As a result of taking part in the Cow Parade, I was approached by a member of Hazelmere Town Council to decorate first a ‘hog’ and then the following year a giant ‘hare’. The amount raised over two years for these two sculptures was in the region of £5,000 and I got to meet some lovely people who I am still in touch with today.

The last event I was involved with was for St. Catherine’s Hospice in Crawley. For them, I created a design to be applied to a heart sculpture which was decorated for its sponsors, Tulleys Farm. Tulleys are known best for growing pumpkins in abundance as well as holding some fantastic events. Click here to find out more about them: https://www.tulleysfarm.com/

In addition to the Tulleys design, I also designed and decorated three other hearts. One was for a local amateur football club; another for an IT company and the third was a collaboration between two law firms. The total raised for these was in the region of £8,500.

All this might sound like I am blowing my own trumpet, which I am a little bit, but only to make the point that up until 2019/20 I was actively involved with producing charity artwork pieces. All that stopped in 2020, nothing has come my way in 2021 and there is currently nothing on the horizon.

I am proud of the way I have been able to contribute to helping these charities and feel sad that, whilst the whole world has suffered because of the Covid-19 pandemic, these small charities have completely gone without and are now really struggling to maintain their services. They have used up their reserves but still have seen greater demand for their services. Somehow, we need to find a way to support these small charities, if they have to close vital services will be lost.

Of course, I will start to make new artworks next year when my new studio is built, and I can find my supplies. I will do whatever I can to support my favoured charities: Action on Podoconiosis; St. Catherine’s Hospice and RSPB. I have also been a lifelong supporter of the RNLI and the Royal British Legion, who I have sold poppies for in October and November for a few years. It can be very cold work but it’s very rewarding.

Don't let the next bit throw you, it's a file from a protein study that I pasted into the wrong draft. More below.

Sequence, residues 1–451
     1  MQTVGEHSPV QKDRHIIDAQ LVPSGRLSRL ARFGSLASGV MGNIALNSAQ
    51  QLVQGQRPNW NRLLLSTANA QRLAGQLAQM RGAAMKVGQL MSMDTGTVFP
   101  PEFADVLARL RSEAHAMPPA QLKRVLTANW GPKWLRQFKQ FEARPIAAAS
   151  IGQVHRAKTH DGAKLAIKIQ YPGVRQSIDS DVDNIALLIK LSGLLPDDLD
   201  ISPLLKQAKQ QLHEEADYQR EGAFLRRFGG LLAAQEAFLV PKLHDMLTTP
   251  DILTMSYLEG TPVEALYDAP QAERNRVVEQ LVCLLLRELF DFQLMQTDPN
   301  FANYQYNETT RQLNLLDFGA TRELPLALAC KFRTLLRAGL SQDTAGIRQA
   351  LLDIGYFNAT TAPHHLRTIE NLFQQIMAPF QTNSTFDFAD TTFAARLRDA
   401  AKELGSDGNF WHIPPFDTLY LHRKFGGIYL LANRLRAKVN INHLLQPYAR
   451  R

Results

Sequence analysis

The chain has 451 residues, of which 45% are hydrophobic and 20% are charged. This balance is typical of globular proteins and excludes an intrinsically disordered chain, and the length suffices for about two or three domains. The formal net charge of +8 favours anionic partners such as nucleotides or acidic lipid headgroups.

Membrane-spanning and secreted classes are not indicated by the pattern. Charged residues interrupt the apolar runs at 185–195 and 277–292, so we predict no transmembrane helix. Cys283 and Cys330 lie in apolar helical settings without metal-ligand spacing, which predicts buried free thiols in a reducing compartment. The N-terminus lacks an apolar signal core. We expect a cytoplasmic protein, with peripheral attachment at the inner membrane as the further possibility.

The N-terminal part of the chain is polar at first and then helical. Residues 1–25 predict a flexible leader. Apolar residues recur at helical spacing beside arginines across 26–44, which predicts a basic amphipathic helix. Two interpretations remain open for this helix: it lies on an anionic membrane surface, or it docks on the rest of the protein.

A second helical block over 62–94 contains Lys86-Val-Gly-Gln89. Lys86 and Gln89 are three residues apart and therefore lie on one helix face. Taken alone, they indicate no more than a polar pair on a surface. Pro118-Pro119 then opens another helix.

So, here’s a plea to my artist friends. If you can dig deep and help support your local charities through your art sales that would be amazing. To everyone else, just a couple of pounds from each of you could make all the difference to someone in need.

*Elephantiasis, also known as lymphatic filariasis, is caused by parasitic worms, and spread through mosquito bites. Elephantiasis causes swelling of the legs, scrotum or breasts. It is designated a neglected tropical disease (NTD) by the World Health Organisation (WHO). Podoconiosis is a chronic inflammatory, geochemical skin disease, caused by prolonged exposure to red clay soils derived from volcanic rocks.

This irritant rock causes bilateral asymmetrical swelling of the lower legs and affects an estimated four million people globally in 32 countries on or close to the equator. In general, this condition affects poor farmers, who work without footwear allowing the irritant to enter their bodies through small cuts to their feet. Podoconiosis is also a neglected disease, although currently it does not appear on the WHO list of NTDs. The charity I support only works in Ethiopia, but other charities are supporting people suffering with this condition in other countries around the world.